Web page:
Man's search for WWII crash provides closure for Walla Walla woman

The ceremony in Yap will be a formal recognition in honor of Holding and the two other pilots who died that day.



At her Walla Walla home, Terri Trick shows a photo of her uncle, Howard Holding, a U.S. Navy pilot who died in World War II during an attack on Yap Island. After more than six decades, the crash site has been identified and Trick will travel to Yap to take part in a ceremony to honor her uncle.

WALLA WALLA - It was a "routine Sunday morning" on the last weekend in June and there was a message on Terri Trick's phone.

The voice on the recording was from Pat Ranfranz of Shoreview, Minn. What he said took Trick's breath away.

"We've found your uncle's plane," Ranfranz said.

Trick, a Walla Walla resident, immediately called Ranfranz back. As a result she's flying to the South Pacific this week to honor her uncle, Howard Holding, and put closure to a mystery more than six decades old.

It was Sept. 6, 1944, a Wednesday, and Holding was one of three U.S. Navy pilots lost that day raiding Yap island, then a Japanese stronghold in World War II.

Other fliers in the attack reported Holding's F6F-5 Hellcat apparently crashed after being struck by another plane that had been hit by ground fire. Recovery of any remains was impossible then and searchers who came after the war also found nothing. Holding, who was Trick's uncle from her mother's side, had vanished.

Trick hadn't been born when her uncle died, but grew up hearing about him.

"He was something of a legend in our family," she said. "My mother and grandmother always had a picture of him on the dresser ... Nobody ever got over his death in my family."

Enter Ranfranz, who was on his own quest to find an uncle lost over Yap in World War II.

Twenty-year old Technical Sgt. John R. McCollough was a crewman aboard a B-24 shot down during a bombing mission in June 1944. Like Trick, Ranfranz also grew up hearing stories about an uncle who was shot down and never recovered.

"I've always had a strong interest in history and aviation therefore, the story of my lost uncle stayed with me," Ranfranz wrote on his "Missing Air Crew" website. In 1988, after graduating with a degree in history from the University of Wisconsin Eau Claire, he began searching in earnest for his lost uncle.

Starting in 2005, Ranfranz made the first of a series of trips to Yap to look for "the Coleman crew," named after the B-24's pilot, Gerald D. Coleman. During his first expedition he found the crash site of one of the three Hellcats that went down on the island in September 1944. Then in 2006 he and others found the remains of the other two planes, one on land and one in the island's harbor.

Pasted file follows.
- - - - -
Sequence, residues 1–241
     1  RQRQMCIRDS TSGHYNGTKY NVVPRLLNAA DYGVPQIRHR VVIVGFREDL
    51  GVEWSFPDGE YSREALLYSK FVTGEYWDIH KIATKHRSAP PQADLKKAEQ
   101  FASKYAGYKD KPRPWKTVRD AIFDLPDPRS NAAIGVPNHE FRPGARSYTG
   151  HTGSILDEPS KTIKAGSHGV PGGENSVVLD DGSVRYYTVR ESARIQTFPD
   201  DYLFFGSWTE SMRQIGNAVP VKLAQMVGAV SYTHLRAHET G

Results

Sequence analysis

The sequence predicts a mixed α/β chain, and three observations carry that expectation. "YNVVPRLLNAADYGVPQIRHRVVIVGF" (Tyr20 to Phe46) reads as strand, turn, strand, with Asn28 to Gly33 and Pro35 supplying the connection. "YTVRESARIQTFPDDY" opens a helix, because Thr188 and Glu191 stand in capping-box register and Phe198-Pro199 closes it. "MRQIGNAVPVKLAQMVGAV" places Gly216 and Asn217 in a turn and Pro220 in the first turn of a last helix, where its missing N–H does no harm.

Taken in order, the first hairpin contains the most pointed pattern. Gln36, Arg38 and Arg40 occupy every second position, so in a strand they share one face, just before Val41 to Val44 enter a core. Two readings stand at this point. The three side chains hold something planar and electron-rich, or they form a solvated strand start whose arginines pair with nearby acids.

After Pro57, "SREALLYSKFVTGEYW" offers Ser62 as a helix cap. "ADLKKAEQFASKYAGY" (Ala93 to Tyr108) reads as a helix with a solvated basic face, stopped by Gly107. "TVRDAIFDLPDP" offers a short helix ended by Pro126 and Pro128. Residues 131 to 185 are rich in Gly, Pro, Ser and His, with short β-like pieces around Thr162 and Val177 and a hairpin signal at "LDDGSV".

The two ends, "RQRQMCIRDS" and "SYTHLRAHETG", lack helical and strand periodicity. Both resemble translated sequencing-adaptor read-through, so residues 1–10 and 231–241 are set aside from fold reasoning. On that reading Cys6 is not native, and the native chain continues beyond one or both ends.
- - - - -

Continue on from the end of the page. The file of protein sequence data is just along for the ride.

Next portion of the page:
The Hellcat in the harbor was Holding's, but determining that took some detective work, Ranfranz said in a phone interview.

"It's been a process of elimination," he said. At first, they weren't able to identify what kind of airplane it was, but with the aid of other aviation buffs "later that year we knew it was one of the three Hellcats that went down that day."

Evidence found at the two crash sites on land identified those planes as belonging to the other pilots who died in the raid, Ensign Joseph E. Cox and Lt. j.g. Harry Brown. "So I had a good guess in 2006 or 2007 that the plane in the water was Holding's," Ranfranz said.

Although his research had given him Holding's name and home town, Salt Lake City, it wasn't until 2009 Ranfranz learned about Identifinders International, a company that specializes in forensic genealogy. He contacted the company and it agreed to try to find any of Holding's surviving family members free of charge.

The result was Ranfranz calling Trick on that last Sunday in June.

"My heart just took a leap and my stomach lurched and I had to sit down and I said, ‘Oh my God, after all these years,'" Trick said about her reaction.

"He was only 22 when he died. The last time (the family) saw him was in November of 1943 when he came home on leave before deploying," she recalled. After Holding's death, the only information they received was that "he had been shot down in the Pacific near Yap island. And my grandmother always said, ‘They'll never find his plane.'"

The ceremony in Yap will be a formal recognition in honor of Holding and the two other pilots who died that day. Trick said she will be accompanied by her brother, Brent Jacob of Utah, and is looking forward to meeting Ranfranz and his wife, Cherie.

As for the issue of closure, "that's something I've found amazingly comforting. The sense of peace," she said.

Nearly all of the family members from her uncle's generation, including her mother, father and grandmother, have died without knowing what happened to the young man who went away to fight a war and never returned.

"Now we know," Trick said.


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